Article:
If you have expensive items that exceed your policy’s limit you can add additional riders to your policy. There are a few reasons you might want to add a rider for additional coverage:
In order for renters insurance to cover a loss during a move it would have to be due to a covered peril. Meaning if your belongings get stolen by someone while you’re packing your truck, then your renters insurance will cover it. Another example would be if there is a windstorm while you’re moving and some of your belongings get damaged because of it — your renters insurance would reimburse you.
Renters insurance will cover the cost of your move if you have to move out of your apartment. Your renters insurance loss-of-use provision reimburses you for accrued expenses if you have to evacuate your home due to a covered peril. For example, if a pipe bursts and your apartment needs new floors put in, or if the smoke damage from a fire is so severe a professional has to come clean it, then your renters insurance will help pay for you to live elsewhere.
Basically, if you’re temporarily forced to leave your rental, your loss-of-use coverage will pay for you to stay at a nearby hotel or a different apartment or house. Depending on your policy, the size of your temporary accommodation can be around the same size as your home.
Your loss-of-use coverage also reimburses you for additional living expenses that add up while you’re living elsewhere. For example, if you have to go out to restaurants to eat because your hotel room doesn’t have a kitchen your renters insurance will pay for the cost of your meals. Renters insurance also cover the cost of a storage facility if you have to move your stuff out of your apt?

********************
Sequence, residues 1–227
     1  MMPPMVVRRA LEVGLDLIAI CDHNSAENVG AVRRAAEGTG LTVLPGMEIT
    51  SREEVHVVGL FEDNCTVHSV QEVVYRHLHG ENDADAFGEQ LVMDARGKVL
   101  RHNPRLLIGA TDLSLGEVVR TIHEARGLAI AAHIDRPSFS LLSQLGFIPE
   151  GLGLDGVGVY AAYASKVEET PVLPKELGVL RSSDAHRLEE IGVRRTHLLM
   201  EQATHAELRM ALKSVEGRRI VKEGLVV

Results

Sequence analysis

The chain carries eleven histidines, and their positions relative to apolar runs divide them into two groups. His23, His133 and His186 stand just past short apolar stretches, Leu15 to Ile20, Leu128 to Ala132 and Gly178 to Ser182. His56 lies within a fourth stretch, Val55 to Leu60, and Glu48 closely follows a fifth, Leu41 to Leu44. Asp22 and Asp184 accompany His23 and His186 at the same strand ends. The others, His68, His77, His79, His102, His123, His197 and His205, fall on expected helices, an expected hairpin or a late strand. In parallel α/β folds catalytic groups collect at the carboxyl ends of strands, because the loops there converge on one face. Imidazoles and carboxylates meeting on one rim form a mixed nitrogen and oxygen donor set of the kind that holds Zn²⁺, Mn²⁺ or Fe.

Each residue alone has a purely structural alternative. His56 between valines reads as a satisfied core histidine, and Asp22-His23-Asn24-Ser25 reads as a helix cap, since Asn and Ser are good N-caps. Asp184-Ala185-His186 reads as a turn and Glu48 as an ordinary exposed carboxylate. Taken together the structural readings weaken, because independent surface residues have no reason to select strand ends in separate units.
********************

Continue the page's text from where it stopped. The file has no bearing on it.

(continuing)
As we mentioned, renters insurance will cover damage to your personal property even if it is not in your home. Meaning it will cover damage during your move if it is due to a covered peril, like theft or vandalism.
There are a few reasons renters insurance will not cover your move or damage that takes place during it.
All licensed movers are required by law to have some form of moving insurance. However, they’re only required to have a minimum amount of coverage, and it may not be enough to cover all your belongings in the event that the mover is liable. Ask about paying for additional coverage for your move.
Moving insurance comes in two different types:
Released value coverage pays 60 cents per pound for each damaged or lost item. If your $1,000 laptop gets destroyed during the move, but it only weighs a few pounds, you’re only entitled to a measly $3. This coverage is usually already baked into the mover’s rates.
Full value coverage pays for damaged or lost item’s market replacement value. That may mean repairing the item or replacing it with a similar item. This protection will cost you more, but it provides the most coverage. However, some items may be excluded, especially those that are worth more than $100 per pound.
If these moving insurance options aren’t enough, look into getting a moving insurance policy from a carrier of your choice. You’ll have more say over the types of items that are covered as well as how much they’re covered for.
If you have renters insurance and you move, you can usually keep the same policy, unless you move to a state where your insurer doesn’t offer coverage. You should contact your insurance provider before you move to let them know a few things:
Moving might change the price of your premiums because your ZIP code affects your insurance policy. For example, if you move to an area with a higher crime rate your insurance premiums are likely to go up as you’re more at risk for filing a claim.
Kara McGinley is an Insurance Editor at Policygenius. She previously worked as a freelance writer and a copywriter for various startups. Her work can be found in Teen Vogue, The Culture Crush, Mask Magazine, and more.
Policygenius’ editorial content is not written by an insurance agent. It’s intended for informational purposes and should not be considered legal or financial advice. Consult a professional to learn what financial products are right for you.